“To be creative you’ve got to be unsociable and tight-assed. Not necessarily violent and ugly, just unfriendly and distracted,” Bob Dylan told me last month. “You’re self-sufficient and you stay focused.”
That was David Crosby, who died on Thursday at 81, after a lifetime in search of not fame and fortune, but exactly that elusive creative spark Dylan spoke about.
In the wake of his passing, Crosby is being remembered as many things—legend, iconoclast, Boomer icon, curmudgeon, and even asshole—all of which underscore precisely the life path he chose: one of a true creator and collaborator, rather than some mere mortal. Freak flags, as one writer put it, are flying at half-staff. It’s all fitting and beautiful (even the asshole part), and would no doubt make the typically effervescent Crosby laugh that high, cackling laugh that was so singularly his.
I first crossed paths with Crosby after a show by Crosby, Stills & Nash, the group he co-founded that also occasionally included Neil Young, more than 30 years ago. The show was, to put it bluntly, less than stellar. But Crosby had already lived several lifetimes by then—creative, sure, but also wild, hedonistic, and, often, seemingly cursed. He’d topped the charts with The Byrds and CSNY, and played Woodstock and toured stadiums at a time when that was unheard of. But he’d also more than once been the reason his groups had crashed and burned, buried a soulmate, overdosed countless times, and done hard time in jail, creating the template, for good and bad, of what would come later in rock ‘n’ roll.
But I really got to know Crosby beginning about a decade ago, when I interviewed him about the then-new box set chronicling CSNY’s 1974 mega-tour. When he greeted me at his hotel room door, he looked me up and down, squinted his eyes, then smiled and said, “You’re no reporter. You’re one of us, man!”
I explained that I was indeed a musician, but with the days of being able to do that, and that alone, long over, I had turned my hand to writing about what I loved.
“Tell me about it, man,” he exclaimed, visibly angry at the idea of not being able to make a living at music. “These are dark times.”
He invited me in, before rushing to his laptop to finish his latest Twitter brawl—something he loved doing almost as much as making music. I’d been promised 20 minutes with Crosby, but over three hours later, with him already late for soundcheck for his show at New York’s Beacon Theater that night, we were still at it. We’d discussed his seminal albums with The Byrds at length. (His favorite was 1967’s Younger Than Yesterday. “That was when we came of age,” he said.) We also discussed his 1988 memoir, Long Time Gone, his problems with addiction, his rocky relationships with his various bandmates, and, much to his enjoyment, the new music he was making, which he played rough mixes of from his laptop. But with the clock ticking, I began to pack up.
“Hey, man, are you coming to the show tonight?” he asked as I headed for the door. Then he caught himself.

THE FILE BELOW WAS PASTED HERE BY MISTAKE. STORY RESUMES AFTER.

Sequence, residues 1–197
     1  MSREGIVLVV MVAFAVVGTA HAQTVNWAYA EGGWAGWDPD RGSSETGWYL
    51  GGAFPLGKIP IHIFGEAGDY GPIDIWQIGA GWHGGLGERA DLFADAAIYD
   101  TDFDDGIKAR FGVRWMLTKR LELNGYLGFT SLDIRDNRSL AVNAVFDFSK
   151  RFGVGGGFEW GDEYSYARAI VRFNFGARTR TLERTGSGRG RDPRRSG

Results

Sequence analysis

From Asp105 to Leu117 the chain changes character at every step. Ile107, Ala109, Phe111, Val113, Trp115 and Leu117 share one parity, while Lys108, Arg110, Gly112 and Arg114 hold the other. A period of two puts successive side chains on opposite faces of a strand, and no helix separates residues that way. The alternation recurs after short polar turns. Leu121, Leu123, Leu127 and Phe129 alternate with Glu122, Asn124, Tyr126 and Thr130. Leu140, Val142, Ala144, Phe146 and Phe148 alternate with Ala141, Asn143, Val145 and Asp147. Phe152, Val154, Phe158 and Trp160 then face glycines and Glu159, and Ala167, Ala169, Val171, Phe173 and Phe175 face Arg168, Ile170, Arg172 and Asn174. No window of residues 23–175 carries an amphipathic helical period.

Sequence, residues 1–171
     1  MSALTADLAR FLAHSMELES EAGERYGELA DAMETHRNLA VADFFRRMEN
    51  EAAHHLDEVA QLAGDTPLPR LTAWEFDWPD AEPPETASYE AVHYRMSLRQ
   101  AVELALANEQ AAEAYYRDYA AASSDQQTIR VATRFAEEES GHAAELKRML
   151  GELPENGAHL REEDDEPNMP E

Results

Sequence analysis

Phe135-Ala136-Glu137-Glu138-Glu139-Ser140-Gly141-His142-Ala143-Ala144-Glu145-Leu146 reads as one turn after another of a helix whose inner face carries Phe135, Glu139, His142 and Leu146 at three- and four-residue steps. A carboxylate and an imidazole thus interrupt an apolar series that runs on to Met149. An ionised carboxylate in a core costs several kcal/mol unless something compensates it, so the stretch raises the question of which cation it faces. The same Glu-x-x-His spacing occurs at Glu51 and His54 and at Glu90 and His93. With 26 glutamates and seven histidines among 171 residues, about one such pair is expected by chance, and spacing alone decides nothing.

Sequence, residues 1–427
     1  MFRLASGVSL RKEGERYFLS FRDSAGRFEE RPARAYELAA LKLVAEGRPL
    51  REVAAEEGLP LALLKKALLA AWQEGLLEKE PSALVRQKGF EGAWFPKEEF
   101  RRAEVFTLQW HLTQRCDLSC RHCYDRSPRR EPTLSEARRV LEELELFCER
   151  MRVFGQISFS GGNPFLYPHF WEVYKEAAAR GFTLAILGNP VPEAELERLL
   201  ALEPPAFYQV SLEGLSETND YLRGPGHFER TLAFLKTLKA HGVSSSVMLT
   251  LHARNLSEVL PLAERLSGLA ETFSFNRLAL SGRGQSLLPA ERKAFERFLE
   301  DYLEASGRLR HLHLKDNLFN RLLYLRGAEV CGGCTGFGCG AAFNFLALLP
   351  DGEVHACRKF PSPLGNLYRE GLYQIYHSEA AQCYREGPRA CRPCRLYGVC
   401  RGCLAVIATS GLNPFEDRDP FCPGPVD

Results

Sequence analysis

“You know, you barely asked about CSNY,” he said.
I told him I wasn’t really a fan; that I’d grown up on punk and old-school soul, and that, while I loved some of the music, I also saw the group as the progenitors of a darker side of the music industry, one that culminated in the “profits over art” sensibility of The Eagles.
He squinted hard at me. For a second, I thought Crosby might take a swing at me; his reputation as being hot-tempered, of course, long preceded him. But then he let out a long, loud laugh.
“I get it, man,” he said, with a broad smile on his face. “Let’s continue this soon. I think we have more to talk about.”
I knew I’d made a friend, and I wasn’t wrong. Over the next decade, I interviewed Crosby several times. He was boisterous and opinionated, sure, but he never put on airs; never played the game of a rock star promoting his latest project. He always said what was on his mind—how Trump was a buffoon, Kanye was a pretender, Jim Morrison “just plain sucked”—but in a way that was so forthright and refreshing that, even when we disagreed and battled it out, I found Crosby nothing short of endearing and totally engaged.
This was all during a career renaissance for him. While his peers took endless victory laps, Crosby, never known as a songwriter, released a batch of new albums that stood with the highest heights of his Byrds and CSNY days. In fact, 2021’s For Free, Crosby’s most recent studio album, and the live album and concert film with his Lighthouse Band, Live at the Capitol Theater, from last year, continued a hot streak that began with Croz in 2014 and continued through Lighthouse (2016), Sky Trails (2017), and Here If You Listen (2018). Perhaps more often sounding like his beloved Steely Dan than CSNY, Crosby’s recent work offered up songs that were more varied, wizened, and elegant than even his best-known work. More than that, he seemed to be having a better time doing it than at any time in a career that can only be referred to as both genre-shaping and tumultuous.